1952 Fourth one-man show: Willard Gallery, New York. Other shows and exhibitions: "Exhibition of Modern Sculpture," American University, Washington, D.C.; "Fifteen Americans," The Museum of Modern Art, New York; "Contemporary Religious Art," Union Theological Seminary, New York. Sculptural constructions made in New York: Juggler in the Sun (January, Circus Piece no. 3); Egg I; Star II, and Star III; Egg II; (January); Ganymede (March); Four Seedlings (August, for Louise). Article about Lippold:"Designing in Space," Craft Horizons (June).
1952-65 Taught: Hunter College, N.Y. Professor of Art.
1953 Sculptural constructions made in New York: Golden Prow (January); Variation Within A Sphere No. 9 (January); Bird of Paradise I (May); Golden Princess I (June, for Tiana Lippold); Golden Princess II (June, for Lisa Lippold); Plant Couple; Three Seedlings, and The Last Tree (November); Little Landscape, and Main Rain (December, for Mr. and Mrs. William Burden) Monument to the Unknown Political Prisoner (model, exhibited at the Museum of Modern Art, New York, and awarded prize in final International Sculpture Competition, Tate Gallery, London); Variation Within a Sphere No. 10: The Sun (fall 1953 through July 1956, commissioned by Metropolitan Museum of Art, New York). Article about Lippold: "Museum of Modern Art," Holiday, (November).
1954 Travel to Germany at invitation of German government, also to Austria and Paris. Exhibition: "Invitational Drawing Show," Beloit College, Wisconsin; "Contemporary Sculptors' Drawings," Ohio State University, Columbus. One-man shows: "Richard Lippold Sculpture," The Arts Club of Chicago; Layton Art Gallery, Milwaukee; Corcoran Gallery of Art, Washington, D.C. Sculptural constructions made in New York: Young Venus (April) and Summer Star (May).
1955 Travel to England. Travel through France after installation of Variation Within a Sphere No. 7: Full Moon at Musee de Louvre, Paris, in Salute to France Festival. Exhibitions: "Fifty Ans D'Art Aux Etats-Unis," Musee de Louvre, Paris; "Sculpture in Silver from Islands in Time," Towle Silversmith Company, Connecticut and The Brooklyn Museum of Art, Brooklyn. Included in "The New Decade," Whitney Museum, New York and San Francisco Museum of Art. Sculptural constructions made in New York: Meteor (January) and Bird of Paradise II (December, for his parents). Article about Lippold, "A Voir," Vogue (French edition). Moved to Lattingtown Harbor, Long Island.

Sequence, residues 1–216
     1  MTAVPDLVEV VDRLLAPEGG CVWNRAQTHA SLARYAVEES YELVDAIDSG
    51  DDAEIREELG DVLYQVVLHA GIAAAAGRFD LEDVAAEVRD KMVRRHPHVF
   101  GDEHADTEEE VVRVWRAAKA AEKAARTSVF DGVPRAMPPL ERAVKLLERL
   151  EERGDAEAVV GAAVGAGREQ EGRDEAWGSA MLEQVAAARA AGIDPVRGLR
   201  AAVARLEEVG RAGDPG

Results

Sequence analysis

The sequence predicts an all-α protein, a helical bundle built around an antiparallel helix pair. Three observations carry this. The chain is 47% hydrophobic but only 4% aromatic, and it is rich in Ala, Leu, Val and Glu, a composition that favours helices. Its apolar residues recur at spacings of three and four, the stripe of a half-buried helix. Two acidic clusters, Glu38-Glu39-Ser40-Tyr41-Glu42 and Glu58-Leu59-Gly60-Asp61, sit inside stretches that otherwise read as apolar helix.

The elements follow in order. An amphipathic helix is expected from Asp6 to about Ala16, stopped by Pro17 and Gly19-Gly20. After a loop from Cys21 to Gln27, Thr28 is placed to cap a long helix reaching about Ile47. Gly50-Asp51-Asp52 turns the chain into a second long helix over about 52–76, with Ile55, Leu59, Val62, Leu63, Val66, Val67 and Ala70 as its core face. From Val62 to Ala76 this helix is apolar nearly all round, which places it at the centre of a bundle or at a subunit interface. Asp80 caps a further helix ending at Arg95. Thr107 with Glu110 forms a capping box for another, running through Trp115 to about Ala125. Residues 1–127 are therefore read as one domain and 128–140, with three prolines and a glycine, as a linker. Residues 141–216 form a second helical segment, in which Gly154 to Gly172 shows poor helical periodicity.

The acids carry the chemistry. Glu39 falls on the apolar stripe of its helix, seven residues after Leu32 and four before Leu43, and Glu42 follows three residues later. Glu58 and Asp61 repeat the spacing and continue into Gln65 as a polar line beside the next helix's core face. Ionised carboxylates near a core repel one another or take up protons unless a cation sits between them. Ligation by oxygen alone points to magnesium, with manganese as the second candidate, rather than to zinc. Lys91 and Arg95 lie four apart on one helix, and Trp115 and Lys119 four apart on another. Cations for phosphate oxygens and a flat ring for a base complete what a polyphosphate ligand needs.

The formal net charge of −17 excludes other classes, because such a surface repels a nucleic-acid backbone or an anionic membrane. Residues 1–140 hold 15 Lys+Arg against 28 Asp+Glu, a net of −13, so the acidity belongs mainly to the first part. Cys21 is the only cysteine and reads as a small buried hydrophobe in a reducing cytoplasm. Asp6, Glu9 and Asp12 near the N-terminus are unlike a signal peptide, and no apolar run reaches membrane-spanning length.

1956 "The New Decade" continues, University of California, Los Angeles and Fine Arts Center, Colorado Springs. Articles about Lippold: "A Wire Sun's Golden Rising," Life (July); "Lippold Makes a Construction," Art News (October); "Temoignes Pour la Sculpture Abstraite," by Pierre Guiguen, Paris. Article by Lippold: "How to Make a Sculpture," Art in America (winter).
1957 Exhibition: "Irons in the Fire," Contemporary Art Museum, Houston. Sculptural constructions: A Luminous Curtain (Spring, first phase, commissioned by Carnegie Foundation, New York), destroyed. Study for a Universe (summer, for Daily News Building, New York, commissioned by Max Abramowitz, unrealized), and Flower Fountain (summer, for United States Pavilion at the Brussels' World Fair, commissioned by Edward Durrell Stone in 1956, unrealized).
1958 Travel to Spain and France. Sculptural constructions: Radiant I (January, for Inland Steel Building, Chicago, commissioned by Inland Steel Co. with Skidmore, Owings and Merrill). Fountain of Fire and Water (summer, for an Akron, Ohio plaza, commissioned by Robert Dowling with Edward Stone, unrealized). Articles about Lippold: "New Eye on the Sun," Vogue (February); "Lippold's Plastiche Sonne," by Eduard Trier, Forum (February); "Fresh Aspects of American Art" by Edgar Kaufmann, Jr., Art in America (winter). Creative Arts Award, Brandeis University, including one-man show.
1959 Travel to France, Rome and Spoleto. Sculptural constructions: A Star in an Egg (April, for Mr. and Mrs. Gerald Ayres); Seagram Building Construction No. 1 (June, commissioned in 1957 by Philip Johnson and Phyllis Lambert for the Four Seasons Restaurant, New York); stage set for the John Butler's ballet, The Sybil (July, for Menotti's Festival of Two Worlds, Spoleto, Italy); Seagram Building Construction No. 2 (July, for Four Seasons Restaurant); Fountain of the Expanding Universe (summer, for Sterling Forest, commissioned by Robert Dowling, 1958, unrealized); The Seed (September); Great Lone Star (December, for Longview National Bank, Texas, commissioned by the Longview National Bank with Morris, Crain and Anderson); Four Seasons (Four Seasons Restaurant, Seagram Building, New York). Article about Lippold: "The Four Seasons: Collaboration for Elegance," by Karl Linn, Progressive Architecture. Received Honor Award, Chicago chapter, American Institute of Architecture.
1960 Travel continues in France. Exhibition: "Aspects de la Sculpture Americaine," Galerie Claude Bernard, Paris. Sculptural constructions: Spirit Vine (La Viene Vigne) (January, commissioned by Baron Philippe de Rothschild, 1957, installed in October 1960 in France); Trinity (June, for Benedictine Priory Church, Portsmouth, Rhode Island, commissioned by Shirley Burden in 1957 with Pietro Belluschi, architect). Article about Lippold: "Richard Lippold," by Rosamund Benier, L'oeil (April). Articles by Lippold: "To Make Love to Life," College Art Journal, (summer) and "Alienated Affections in the Arts," Daedalus 89 (winter). Received silver medal from Architectural League, New York, and citation from Municipal Art League, Chicago.